Life’s too precious to take shortcuts when it comes to life insurance, so taking the time to find the right policy is an absolute must. For many Australians though, comparing life insurance can be confusing and it's often difficult to know how to assess one policy against another or what levels of cover you really need.
It’s understandable if you’ve been looking into income protection insurance lately. This year has been a tough year for many Australians financially and knowing that your income is protected should you suffer from sickness or injury, at least provides some peace of mind.
The Australian Prudential Regulation Authority (APRA) has announced it will recommence reforms of individual disability income insurance (IDII).The intervention into IDII, otherwise known as income protection insurance, began in December 2019 but was put on hold in response to the global pandemic.
Longstanding superannuation fund Equip Super will change how it manages life insurance from 1 October, 2020.Equip chief member officer, Tania Cumming said the changes will focus on increased flexibility and member input.“In reviewing insurance products and talking to our members, they were clear that they wanted insurance that responded to their lifestyle needs. And critically, they wanted us to deliver these options to them rather than them having to construct it themselves,” Cumming said.While some members will see their life insurance premiums increase, Cumming said the changes are designed to meet long-term needs.“Key to getting this right is working to ensure that our insurance products align to members’ lifestyles and financial aspirations as well as offering long-term value, rather than short-term changes. It is important that we take a balanced approach that is both affordable and sustainable.”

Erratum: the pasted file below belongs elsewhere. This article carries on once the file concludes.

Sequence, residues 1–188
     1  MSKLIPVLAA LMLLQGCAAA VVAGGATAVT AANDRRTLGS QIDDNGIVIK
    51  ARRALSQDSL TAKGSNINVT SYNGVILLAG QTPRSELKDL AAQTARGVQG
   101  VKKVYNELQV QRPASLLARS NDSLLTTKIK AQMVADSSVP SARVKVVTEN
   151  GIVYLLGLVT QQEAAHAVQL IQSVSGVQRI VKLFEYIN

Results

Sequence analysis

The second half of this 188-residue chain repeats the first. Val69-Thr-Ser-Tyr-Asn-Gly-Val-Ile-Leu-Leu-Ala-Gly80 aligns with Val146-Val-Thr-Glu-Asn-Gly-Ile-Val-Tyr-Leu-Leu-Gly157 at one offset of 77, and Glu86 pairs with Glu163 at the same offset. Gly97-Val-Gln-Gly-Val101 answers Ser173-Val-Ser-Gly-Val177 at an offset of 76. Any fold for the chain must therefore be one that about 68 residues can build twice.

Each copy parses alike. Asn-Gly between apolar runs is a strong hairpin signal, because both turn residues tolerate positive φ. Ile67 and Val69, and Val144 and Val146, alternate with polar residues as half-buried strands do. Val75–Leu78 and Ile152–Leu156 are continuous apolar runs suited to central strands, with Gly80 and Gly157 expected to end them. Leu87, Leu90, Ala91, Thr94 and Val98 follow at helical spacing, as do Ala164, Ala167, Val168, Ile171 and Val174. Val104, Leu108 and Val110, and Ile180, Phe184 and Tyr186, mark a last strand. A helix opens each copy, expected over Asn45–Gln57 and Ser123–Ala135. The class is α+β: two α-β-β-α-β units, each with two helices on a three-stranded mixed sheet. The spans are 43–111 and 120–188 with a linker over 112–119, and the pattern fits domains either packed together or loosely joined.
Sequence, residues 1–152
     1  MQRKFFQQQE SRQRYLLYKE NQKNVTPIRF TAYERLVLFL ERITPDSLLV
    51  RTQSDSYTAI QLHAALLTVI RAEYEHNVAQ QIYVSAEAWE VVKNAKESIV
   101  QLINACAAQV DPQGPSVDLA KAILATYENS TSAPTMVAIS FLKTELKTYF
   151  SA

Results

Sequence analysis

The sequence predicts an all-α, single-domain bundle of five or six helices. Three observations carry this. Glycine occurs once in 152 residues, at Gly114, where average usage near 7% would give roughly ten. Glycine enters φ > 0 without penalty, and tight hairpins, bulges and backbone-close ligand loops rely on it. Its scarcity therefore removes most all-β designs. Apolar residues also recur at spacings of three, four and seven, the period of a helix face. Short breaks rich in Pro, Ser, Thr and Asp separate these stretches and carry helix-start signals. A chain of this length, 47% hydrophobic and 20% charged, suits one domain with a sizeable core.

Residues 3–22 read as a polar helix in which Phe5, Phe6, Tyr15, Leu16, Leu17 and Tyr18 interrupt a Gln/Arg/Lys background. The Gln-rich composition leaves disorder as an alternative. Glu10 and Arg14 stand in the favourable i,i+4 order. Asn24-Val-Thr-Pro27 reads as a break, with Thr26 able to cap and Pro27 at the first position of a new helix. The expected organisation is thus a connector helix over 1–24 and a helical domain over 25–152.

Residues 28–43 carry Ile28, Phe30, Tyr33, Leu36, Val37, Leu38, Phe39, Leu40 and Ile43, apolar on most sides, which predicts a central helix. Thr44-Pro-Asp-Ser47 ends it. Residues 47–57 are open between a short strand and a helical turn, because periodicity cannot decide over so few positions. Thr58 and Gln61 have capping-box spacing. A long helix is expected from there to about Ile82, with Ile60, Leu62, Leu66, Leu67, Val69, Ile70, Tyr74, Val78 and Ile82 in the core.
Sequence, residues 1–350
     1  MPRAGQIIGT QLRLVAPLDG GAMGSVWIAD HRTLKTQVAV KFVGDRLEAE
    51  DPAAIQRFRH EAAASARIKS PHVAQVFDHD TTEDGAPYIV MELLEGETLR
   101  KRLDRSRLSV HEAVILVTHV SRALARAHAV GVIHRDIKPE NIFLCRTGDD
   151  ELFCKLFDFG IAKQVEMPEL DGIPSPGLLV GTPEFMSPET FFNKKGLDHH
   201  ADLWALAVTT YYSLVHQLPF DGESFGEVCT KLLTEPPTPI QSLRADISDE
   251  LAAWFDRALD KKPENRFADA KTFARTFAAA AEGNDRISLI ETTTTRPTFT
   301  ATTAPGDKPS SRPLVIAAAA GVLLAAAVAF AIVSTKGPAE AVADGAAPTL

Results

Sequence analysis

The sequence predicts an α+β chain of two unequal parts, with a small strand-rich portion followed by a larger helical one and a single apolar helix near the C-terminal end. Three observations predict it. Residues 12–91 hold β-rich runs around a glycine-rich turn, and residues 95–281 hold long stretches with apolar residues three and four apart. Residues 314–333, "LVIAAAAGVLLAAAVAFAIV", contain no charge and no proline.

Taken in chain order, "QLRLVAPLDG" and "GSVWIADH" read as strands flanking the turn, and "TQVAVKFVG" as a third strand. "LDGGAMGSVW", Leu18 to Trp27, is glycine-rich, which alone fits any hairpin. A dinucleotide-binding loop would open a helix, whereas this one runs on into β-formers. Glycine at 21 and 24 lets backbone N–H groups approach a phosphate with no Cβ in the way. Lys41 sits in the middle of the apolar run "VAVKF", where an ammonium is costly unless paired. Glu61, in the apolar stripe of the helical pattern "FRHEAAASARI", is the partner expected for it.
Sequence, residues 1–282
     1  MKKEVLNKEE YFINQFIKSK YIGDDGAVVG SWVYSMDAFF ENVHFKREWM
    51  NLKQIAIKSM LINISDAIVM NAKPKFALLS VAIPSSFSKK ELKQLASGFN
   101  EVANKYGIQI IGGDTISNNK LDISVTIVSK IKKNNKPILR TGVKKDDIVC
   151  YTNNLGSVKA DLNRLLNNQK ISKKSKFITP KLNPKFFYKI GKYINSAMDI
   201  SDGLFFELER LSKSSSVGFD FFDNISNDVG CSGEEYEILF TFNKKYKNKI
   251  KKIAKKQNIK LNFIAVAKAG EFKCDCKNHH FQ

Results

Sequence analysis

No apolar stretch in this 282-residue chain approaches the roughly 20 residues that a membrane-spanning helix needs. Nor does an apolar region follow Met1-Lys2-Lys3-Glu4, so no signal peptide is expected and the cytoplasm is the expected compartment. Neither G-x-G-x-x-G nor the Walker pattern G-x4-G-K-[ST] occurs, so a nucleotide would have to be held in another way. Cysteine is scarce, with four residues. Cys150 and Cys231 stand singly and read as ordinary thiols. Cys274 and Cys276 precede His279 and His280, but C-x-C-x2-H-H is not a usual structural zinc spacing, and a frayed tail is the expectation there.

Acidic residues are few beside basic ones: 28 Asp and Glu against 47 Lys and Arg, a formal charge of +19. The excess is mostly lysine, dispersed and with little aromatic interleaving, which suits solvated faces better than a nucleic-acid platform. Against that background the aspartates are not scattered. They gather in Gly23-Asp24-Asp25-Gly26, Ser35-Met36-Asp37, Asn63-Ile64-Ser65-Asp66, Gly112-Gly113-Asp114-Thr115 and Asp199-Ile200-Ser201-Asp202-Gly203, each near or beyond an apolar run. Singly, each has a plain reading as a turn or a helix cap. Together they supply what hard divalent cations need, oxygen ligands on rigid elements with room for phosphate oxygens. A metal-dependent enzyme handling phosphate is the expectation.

As pandemic conditions and restrictions continue to develop across the country, the mental well-being of impacted Australians is becoming a top concern.This has become more evident in national discussions since early August, when Victoria’s lockdown was reinstated – with even tighter restrictions for metropolitan Melbourne – after a sustained spike in Coronavirus cases.In an ABC News Breakfast interview this week, deputy chief medical officer professor Michael Kidd recognised the mental and emotional impact of prolonged isolation.“Please look after each other, please look after your mental health. If you are feeling particularly depressed or anxious as a result of the restrictions which are in place, please reach out to Lifeline, Beyond Blue, the other resources,” he said.
According to a recently released survey by KPMG and the Financial Services Council, life insurance claims related to mental health increased by a whopping 53% between 2013 and 2018. This new research is very timely, given that a large number of people across the country have just spent months inside due to the Coronavirus pandemic.
In September of last year, the government passed legislation to make life insurance an opt-in inclusion for super funds holding less than $6,000 and for new members under 25. With the economic impacts of COVID-19 dominating financial news in the last few months, you may not have realised these changes came into effect on April 1.